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The Wage Gap, State by State

Families depend on women's wages more than ever, but a woman working full time, year round is typically paid less than a full-time, year-round male worker. These disparities exist in every state. However, as indicated in the map below, the size of the disparity varies by state. Additionally, women represent nearly two-thirds of minimum wage workers — and full-time, year-round work at the federal minimum wage of $7.25 an hour leaves a woman with two children thousands of dollars below the poverty line. Working to close the wage gap and increasing the minimum wage are key steps towards fair pay for women.

Read our fact sheets on the state-by-state wage gaps for African American women, Latinas, Asian American women and women overall:

Click on a state below to see its wage gap for women overall, African American women, Latinas and Asian American women, as well as the state's minimum wage.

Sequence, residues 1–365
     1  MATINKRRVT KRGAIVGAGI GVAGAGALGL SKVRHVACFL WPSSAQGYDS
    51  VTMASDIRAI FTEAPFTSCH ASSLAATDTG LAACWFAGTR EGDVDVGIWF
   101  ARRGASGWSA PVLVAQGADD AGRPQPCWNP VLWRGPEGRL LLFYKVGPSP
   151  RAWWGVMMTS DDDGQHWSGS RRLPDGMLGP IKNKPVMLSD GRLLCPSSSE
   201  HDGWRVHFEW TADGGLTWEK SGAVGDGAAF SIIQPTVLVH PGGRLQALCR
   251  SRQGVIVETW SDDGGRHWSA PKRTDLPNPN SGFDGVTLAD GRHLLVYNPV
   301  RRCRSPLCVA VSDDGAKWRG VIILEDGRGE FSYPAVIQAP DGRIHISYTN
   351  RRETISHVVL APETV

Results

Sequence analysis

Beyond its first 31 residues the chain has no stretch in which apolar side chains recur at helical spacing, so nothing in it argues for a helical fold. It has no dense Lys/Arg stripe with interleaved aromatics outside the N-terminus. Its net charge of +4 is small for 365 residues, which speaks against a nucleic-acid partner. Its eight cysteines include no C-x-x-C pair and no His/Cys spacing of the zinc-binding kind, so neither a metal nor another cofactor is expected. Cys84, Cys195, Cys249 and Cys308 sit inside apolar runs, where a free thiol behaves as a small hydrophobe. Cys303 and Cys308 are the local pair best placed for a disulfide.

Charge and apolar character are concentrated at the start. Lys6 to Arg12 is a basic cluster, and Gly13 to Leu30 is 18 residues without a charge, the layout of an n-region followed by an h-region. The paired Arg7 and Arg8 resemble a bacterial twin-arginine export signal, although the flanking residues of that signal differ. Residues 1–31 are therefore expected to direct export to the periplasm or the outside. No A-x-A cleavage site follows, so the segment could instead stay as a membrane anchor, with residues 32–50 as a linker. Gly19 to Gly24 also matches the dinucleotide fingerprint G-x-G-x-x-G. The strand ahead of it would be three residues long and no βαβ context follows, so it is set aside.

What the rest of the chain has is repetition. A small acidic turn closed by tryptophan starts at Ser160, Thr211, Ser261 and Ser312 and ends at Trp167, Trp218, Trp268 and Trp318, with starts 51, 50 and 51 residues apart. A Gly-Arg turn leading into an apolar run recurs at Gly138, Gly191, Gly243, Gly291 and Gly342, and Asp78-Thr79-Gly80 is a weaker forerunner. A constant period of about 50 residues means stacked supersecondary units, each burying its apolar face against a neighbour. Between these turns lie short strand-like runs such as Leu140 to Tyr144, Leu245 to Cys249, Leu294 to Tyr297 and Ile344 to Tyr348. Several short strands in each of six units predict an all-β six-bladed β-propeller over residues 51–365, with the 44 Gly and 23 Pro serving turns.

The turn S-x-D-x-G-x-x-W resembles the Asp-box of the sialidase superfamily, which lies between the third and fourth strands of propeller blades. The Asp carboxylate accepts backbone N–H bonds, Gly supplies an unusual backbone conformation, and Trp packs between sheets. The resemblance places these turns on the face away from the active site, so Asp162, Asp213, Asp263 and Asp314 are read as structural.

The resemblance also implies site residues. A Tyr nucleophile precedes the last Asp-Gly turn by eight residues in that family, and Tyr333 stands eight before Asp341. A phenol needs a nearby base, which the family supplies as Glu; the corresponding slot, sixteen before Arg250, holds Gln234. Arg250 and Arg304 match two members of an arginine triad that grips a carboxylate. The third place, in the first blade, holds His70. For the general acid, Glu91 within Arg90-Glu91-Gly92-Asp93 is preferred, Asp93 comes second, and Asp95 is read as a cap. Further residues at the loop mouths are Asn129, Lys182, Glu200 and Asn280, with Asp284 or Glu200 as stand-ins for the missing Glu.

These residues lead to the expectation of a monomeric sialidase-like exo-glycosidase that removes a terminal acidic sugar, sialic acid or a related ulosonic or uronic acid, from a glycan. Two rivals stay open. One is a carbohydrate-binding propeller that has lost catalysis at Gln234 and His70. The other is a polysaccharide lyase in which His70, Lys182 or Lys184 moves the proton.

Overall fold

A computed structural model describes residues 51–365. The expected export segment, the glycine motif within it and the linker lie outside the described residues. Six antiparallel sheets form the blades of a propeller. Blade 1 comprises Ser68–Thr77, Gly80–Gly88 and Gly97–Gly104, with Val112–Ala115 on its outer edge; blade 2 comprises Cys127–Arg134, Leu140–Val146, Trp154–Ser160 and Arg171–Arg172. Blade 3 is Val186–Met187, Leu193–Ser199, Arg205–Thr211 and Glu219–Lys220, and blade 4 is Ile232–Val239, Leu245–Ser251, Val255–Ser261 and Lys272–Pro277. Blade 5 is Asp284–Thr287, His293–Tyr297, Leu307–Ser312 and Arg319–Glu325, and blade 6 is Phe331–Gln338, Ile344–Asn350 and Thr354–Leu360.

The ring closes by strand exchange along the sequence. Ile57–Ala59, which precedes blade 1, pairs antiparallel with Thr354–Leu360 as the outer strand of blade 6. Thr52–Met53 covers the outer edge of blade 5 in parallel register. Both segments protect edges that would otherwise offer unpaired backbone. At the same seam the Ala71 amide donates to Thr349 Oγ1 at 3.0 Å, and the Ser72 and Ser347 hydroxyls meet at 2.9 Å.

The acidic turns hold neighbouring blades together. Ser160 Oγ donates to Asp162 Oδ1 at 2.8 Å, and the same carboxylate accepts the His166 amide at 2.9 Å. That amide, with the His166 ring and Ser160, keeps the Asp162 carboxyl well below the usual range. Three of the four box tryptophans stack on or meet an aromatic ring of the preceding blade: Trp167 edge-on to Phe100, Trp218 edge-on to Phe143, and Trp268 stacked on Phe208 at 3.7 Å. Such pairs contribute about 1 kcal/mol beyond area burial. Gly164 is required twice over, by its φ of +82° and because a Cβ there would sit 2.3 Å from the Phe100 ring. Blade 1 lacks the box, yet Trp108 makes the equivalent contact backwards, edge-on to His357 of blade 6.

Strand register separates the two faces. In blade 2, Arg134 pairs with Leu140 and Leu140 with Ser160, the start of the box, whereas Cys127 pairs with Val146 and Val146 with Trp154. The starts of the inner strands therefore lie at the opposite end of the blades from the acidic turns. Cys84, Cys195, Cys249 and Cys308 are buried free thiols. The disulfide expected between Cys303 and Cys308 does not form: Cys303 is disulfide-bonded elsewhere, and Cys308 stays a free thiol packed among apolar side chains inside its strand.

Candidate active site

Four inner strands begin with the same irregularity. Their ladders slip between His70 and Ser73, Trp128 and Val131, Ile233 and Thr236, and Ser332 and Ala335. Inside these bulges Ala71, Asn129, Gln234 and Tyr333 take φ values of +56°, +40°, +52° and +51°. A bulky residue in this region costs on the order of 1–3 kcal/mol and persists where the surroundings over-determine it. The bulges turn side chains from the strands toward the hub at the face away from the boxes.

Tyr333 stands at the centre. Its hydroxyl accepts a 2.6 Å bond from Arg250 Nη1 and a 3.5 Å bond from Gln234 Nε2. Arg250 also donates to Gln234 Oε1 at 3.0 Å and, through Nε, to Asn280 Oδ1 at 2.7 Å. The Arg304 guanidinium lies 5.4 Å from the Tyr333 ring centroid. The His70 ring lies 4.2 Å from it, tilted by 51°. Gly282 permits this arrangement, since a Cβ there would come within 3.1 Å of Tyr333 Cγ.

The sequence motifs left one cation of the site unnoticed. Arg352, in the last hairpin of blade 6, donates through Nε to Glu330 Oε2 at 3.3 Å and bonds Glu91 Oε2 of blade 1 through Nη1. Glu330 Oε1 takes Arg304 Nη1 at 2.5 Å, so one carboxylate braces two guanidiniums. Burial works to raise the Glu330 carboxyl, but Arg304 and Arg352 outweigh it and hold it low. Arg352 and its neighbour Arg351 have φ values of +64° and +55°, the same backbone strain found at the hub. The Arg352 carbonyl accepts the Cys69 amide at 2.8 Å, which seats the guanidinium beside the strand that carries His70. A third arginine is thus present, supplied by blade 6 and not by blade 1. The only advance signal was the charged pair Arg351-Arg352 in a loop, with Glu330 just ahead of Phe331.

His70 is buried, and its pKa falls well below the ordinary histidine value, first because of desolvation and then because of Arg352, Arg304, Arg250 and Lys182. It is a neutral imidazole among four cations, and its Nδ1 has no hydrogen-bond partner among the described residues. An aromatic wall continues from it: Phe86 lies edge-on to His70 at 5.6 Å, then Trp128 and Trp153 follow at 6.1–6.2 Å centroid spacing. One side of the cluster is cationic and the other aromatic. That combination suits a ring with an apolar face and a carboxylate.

Source Note:

"What a woman makes for every dollar a man makes" is the ratio of female and male annual median earnings for full-time, year-round workers. The "wage gap" is the additional money a woman would have to make for every dollar made by a man in order to have equal annual earnings. Overall figures calculated by NWLC are based on 2014 American Community Survey Data. Figures for African American women, Latinas and Asian American women calculated by NWLC are based on 2011-2013 American Community Survey Three-Year Estimates. State minimum wages from Department of Labor, Wage and Hour Division, "Minimum Wage Laws in the States - September 1, 2014." Minimum wages for tipped workers are often lower.